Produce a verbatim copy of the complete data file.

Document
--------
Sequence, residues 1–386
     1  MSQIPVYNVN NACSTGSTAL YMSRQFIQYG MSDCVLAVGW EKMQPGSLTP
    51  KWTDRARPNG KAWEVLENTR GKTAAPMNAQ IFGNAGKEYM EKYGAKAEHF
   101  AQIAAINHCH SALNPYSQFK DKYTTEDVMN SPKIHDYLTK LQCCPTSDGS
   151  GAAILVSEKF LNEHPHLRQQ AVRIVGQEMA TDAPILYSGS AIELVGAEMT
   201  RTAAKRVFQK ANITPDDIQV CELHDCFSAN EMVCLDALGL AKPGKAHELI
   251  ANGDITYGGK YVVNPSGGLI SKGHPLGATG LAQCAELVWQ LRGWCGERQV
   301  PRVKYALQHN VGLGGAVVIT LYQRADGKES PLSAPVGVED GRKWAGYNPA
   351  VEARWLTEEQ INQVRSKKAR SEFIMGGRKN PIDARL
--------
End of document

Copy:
Sequence, residues 1–386
     1  MSQIPVYNVN NACSTGSTAL YMSRQFIQYG MSDCVLAVGW EKMQPGSLTP
    51  KWTDRARPNG KAWEVLENTR GKTAAPMNAQ IFGNAGKEYM EKYGAKAEHF
   101  AQIAAINHCH SALNPYSQFK DKYTTEDVMN SPKIHDYLTK LQCCPTSDGS
   151  GAAILVSEKF LNEHPHLRQQ AVRIVGQEMA TDAPILYSGS AIELVGAEMT
   201  RTAAKRVFQK ANITPDDIQV CELHDCFSAN EMVCLDALGL AKPGKAHELI
   251  ANGDITYGGK YVVNPSGGLI SKGHPLGATG LAQCAELVWQ LRGWCGERQV
   301  PRVKYALQHN VGLGGAVVIT LYQRADGKES PLSAPVGVED GRKWAGYNPA
   351  VEARWLTEEQ INQVRSKKAR SEFIMGGRKN PIDARL